Portland has had bizarre weather this winter. While the eastern US has suffered intense snow storms, Portland has been having spring since January, it seems: only a week of actual cold back in December, and almost no rain.
Except for Shamrock weekend, of course. It was pouring it down Saturday and early Sunday.
The temperatures were still very mild, however, so for the second year in a row I ran Shamrock in just shorts and T-shirt. This time I wore gloves too, and that made all the difference between my being cold at the start and shivering like a shaken blancmange*.
It is always impressive to join the crowd at the start of a Shamrock run. They had over thirty five thousand registered participants, and two and a half thousand of them were doing the half marathon – the first year that there was a half marathon route available. I signed up for it in a fit of enthusiasm when a bunch of us at work went in as a team, and the race sold out pretty fast.
Shamrock is an exceptionally well-organised race. Everything from packet pickup to the finish line is smooth, but then this race has been run for more than thirty years so you would hope they’d have it sorted out by now! I found my spot in the start chute by the 9-10 minute pace board, and tried to calm the nerves.
My race plan was pretty simple: run the first half gently and then put more into the second half. This reflected the course structure, which was flat at the beginning and then started its climb after the half way point. The last three miles were down hill.
I actually did a decent job of running a controlled pace in the first half, too. My usual problem on Shamrock (more than other races, curiously) is to kick out too fast: overtaken by the energy of the event, I’ll hurry along the streets, passing other runners left and right. This year that was not my problem: I maintained a steady pace, and I didn’t sprint past any other runners.
The problem was the rain. My feet got wet and heavy. It felt more like a steeplechase than a road race, there were so many puddles to jump and obstacles to avoid. The rain had largely abated by the halfway point, but feet were already soaked through by that point, heavy and cold.
This year was also novel in that I had left my gear at the day job office, and the halfway point was right by there. Running past the building I couldn’t help but thinking: “I could stop now. I have dry clothes inside…”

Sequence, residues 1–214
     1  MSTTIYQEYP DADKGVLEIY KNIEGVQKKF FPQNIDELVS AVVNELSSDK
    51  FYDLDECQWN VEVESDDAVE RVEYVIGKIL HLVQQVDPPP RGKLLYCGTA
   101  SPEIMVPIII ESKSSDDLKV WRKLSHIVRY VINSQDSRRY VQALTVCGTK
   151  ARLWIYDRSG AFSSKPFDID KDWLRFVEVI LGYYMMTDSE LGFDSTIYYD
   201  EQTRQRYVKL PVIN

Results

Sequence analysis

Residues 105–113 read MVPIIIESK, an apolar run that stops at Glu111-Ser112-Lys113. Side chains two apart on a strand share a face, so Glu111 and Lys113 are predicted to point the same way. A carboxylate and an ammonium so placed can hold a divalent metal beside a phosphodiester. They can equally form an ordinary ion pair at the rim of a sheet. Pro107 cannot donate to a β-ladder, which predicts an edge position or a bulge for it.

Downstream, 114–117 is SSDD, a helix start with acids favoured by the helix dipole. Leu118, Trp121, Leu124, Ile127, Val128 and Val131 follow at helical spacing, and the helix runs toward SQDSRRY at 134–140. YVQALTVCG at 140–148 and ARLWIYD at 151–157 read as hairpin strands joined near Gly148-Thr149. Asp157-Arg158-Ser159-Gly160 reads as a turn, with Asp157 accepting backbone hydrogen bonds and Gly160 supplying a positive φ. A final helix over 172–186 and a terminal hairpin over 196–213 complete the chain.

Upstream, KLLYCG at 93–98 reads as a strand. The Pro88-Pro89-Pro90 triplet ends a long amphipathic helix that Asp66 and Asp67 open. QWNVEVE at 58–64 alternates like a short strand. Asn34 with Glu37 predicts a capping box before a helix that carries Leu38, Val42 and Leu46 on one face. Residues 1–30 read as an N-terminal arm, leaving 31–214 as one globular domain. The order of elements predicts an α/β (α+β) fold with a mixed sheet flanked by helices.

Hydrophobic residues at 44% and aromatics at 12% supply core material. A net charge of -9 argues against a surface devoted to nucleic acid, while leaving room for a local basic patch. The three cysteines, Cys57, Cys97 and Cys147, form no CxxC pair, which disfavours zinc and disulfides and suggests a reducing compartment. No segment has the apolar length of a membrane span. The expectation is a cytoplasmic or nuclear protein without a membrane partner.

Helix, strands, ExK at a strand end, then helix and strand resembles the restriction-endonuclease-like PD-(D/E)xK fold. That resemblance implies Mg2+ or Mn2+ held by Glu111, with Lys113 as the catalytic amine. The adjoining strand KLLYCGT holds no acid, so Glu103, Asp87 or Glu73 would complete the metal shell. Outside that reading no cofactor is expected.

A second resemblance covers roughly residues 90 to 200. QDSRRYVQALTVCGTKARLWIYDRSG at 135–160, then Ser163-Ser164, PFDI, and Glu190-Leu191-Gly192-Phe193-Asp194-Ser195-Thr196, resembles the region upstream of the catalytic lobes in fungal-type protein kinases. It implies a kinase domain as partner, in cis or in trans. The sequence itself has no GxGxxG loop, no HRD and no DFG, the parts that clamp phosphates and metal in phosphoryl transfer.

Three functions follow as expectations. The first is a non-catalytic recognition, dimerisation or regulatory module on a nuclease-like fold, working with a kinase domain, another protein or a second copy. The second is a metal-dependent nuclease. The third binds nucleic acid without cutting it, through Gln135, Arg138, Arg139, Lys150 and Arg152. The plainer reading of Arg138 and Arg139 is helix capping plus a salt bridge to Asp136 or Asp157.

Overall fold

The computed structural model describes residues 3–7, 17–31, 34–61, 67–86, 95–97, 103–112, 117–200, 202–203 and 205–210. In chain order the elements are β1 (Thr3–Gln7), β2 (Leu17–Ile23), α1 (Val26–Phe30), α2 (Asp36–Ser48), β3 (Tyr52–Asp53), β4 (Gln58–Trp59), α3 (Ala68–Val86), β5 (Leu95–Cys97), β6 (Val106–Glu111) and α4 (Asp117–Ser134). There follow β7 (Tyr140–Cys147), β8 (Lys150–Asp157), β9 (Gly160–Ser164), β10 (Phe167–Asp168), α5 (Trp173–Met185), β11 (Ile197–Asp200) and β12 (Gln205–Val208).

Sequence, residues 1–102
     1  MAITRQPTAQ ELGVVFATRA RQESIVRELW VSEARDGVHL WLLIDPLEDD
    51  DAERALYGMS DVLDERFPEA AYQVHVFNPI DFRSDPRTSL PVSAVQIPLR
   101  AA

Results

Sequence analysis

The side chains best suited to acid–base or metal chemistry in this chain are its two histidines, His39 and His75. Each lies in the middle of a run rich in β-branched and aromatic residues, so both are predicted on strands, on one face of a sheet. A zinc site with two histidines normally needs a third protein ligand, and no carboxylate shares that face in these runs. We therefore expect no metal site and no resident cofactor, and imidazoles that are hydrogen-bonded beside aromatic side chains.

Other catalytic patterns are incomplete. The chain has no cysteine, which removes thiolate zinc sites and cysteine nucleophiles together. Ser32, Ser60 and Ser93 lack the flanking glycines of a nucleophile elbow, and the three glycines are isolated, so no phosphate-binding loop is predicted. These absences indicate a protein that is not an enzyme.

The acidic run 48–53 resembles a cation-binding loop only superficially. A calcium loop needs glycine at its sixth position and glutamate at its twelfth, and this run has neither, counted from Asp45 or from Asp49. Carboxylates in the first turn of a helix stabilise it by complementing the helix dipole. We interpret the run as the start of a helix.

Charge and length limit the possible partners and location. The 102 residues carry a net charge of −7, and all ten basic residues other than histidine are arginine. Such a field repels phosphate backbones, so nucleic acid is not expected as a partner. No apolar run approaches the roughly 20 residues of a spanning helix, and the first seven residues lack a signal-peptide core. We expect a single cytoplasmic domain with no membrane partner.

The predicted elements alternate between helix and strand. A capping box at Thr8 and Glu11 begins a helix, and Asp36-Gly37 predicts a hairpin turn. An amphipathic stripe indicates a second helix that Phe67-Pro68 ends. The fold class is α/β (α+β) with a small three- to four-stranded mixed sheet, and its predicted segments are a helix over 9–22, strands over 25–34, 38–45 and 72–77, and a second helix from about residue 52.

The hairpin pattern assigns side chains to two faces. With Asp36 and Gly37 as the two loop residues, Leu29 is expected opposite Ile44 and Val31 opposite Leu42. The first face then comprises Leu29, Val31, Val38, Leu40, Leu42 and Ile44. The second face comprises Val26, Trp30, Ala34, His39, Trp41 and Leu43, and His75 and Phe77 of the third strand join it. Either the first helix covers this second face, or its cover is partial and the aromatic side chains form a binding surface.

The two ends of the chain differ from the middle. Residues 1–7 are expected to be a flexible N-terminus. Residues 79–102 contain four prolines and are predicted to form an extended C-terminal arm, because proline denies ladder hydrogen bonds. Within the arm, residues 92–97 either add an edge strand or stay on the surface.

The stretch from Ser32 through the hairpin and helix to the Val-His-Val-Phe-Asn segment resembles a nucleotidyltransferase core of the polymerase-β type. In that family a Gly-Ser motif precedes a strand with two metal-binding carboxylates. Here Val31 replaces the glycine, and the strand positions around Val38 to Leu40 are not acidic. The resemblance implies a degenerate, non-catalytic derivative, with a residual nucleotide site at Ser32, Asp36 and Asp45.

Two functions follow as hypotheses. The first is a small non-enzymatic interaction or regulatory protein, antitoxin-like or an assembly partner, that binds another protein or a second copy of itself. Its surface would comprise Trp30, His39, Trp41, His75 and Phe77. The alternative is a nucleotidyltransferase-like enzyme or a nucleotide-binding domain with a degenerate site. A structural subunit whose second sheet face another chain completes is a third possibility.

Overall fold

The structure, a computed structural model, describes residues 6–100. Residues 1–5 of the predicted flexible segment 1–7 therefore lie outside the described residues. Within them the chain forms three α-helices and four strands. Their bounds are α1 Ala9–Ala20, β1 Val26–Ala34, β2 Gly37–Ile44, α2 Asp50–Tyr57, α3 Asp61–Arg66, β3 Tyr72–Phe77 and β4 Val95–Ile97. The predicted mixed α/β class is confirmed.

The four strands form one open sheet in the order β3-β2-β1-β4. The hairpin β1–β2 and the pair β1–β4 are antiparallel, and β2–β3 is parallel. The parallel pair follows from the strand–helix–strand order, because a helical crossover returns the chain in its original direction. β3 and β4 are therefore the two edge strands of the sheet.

And I knew what was coming.
I am well acquainted with the back half of this half marathon route, partly from my four times running the 15K race, but mostly from running up and down Terwilliger on training runs. I am perhaps more accustomed to trundling up the hills on the pedestrian paths than the road, but I know the slopes. As I started up the Broadway hill I thought my legs felt reminiscent of when I run my seven miler after a few days of standing at my desk**.
Well, I got up the hill in reasonable order. My plan was to speed up compared to the first half, aiming for a negative split: I’ve done the Terwilliger seven in 9:25 minute miles before, and I thought I might manage that since my legs felt about right. However, I was wrong: all I can say is that I didn’t slow down much. I crested the hill at about an eleven minute pace, slow enough to know I wasn’t going to beat my last half marathon time by much but also fast enough to see my family at the top before they got bored of standing in the rain.
Coming down the other side is supposed to be this glorious descent, but running downhill for three miles when you’ve already got worn legs is fraught. As it happens, I was walking through the eleven mile marker. I just couldn’t keep running any more at that point, and when I started up again I found that one leg was sore – the IT band on my right leg was twanging something chronic.
In the end, I closed out the race with an official time of 2:29:04 – half an hour slower than I really wanted, but this is apparently my pace now.
This is my second half marathon in six months, and although the time was no different I did finish in better shape. I was a wreck after Beat the Blerch: my legs were painful, and I was very low on blood sugar (what is called “bonking” in the cycling community) – I couldn’t think, or indeed taste any food. Things were better this time by some margin, and so I can only conclude that I was conditioned more thoroughly this time.
And I have my medal cum bottle opener, and I have my commemorative towel.
I admitted to myself quite some time ago that I was unlikely to do a marathon again, because the training is just too time consuming.
That admission appears to have commuted down to the half marathon distance, although for a subtly different reason: I can make the time to train for the race, but the training I have time for is not sufficient to achieve my goals. Beat the Blerch was still in the shadow of the stomach flu of last June but even with fairly consistent training and distance building in the lead-up for this race it still felt like there was nothing there when I called on my legs to push.
Also, I’ve decided I don’t care for this half marathon course. I still like the Shamrock 15K and I will continue to plan on running it in future years, but I won’t be doing this half again. That long jag north into the industrial zone is just no fun at all.
Well, onto the next thing. I think it’s time to get back on the bike for the spring.
[*] a French word meaning “white eat”, but it’s usually pink.
[**] I have a standing desk at the office. It’s really great. I heartily recommend it.